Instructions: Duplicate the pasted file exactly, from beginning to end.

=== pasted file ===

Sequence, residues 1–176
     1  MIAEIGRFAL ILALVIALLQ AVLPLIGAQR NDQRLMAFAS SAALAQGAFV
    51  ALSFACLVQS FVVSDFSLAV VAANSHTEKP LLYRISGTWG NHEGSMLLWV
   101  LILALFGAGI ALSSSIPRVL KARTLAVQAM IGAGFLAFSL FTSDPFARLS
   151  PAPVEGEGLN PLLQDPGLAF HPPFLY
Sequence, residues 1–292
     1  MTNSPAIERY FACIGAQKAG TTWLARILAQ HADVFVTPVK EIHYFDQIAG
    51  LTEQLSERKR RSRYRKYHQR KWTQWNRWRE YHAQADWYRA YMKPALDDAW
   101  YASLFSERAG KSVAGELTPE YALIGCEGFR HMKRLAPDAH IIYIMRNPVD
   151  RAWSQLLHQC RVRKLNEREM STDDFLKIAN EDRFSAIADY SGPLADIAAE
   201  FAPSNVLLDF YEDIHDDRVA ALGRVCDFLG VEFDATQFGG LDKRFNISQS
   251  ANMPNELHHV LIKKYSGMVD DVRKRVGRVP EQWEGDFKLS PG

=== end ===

Sequence, residues 1–176
     1  MIAEIGRFAL ILALVIALLQ AVLPLIGAQR NDQRLMAFAS SAALAQGAFV
    51  ALSFACLVQS FVVSDFSLAV VAANSHTEKP LLYRISGTWG NHEGSMLLWV
   101  LILALFGAGI ALSSSIPRVL KARTLAVQAM IGAGFLAFSL FTSDPFARLS
   151  PAPVEGEGLN PLLQDPGLAF HPPFLY
Sequence, residues 1–292
     1  MTNSPAIERY FACIGAQKAG TTWLARILAQ HADVFVTPVK EIHYFDQIAG
    51  LTEQLSERKR RSRYRKYHQR KWTQWNRWRE YHAQADWYRA YMKPALDDAW
   101  YASLFSERAG KSVAGELTPE YALIGCEGFR HMKRLAPDAH IIYIMRNPVD
   151  RAWSQLLHQC RVRKLNEREM STDDFLKIAN EDRFSAIADY SGPLADIAAE
   201  FAPSNVLLDF YEDIHDDRVA ALGRVCDFLG VEFDATQFGG LDKRFNISQS
   251  ANMPNELHHV LIKKYSGMVD DVRKRVGRVP EQWEGDFKLS PG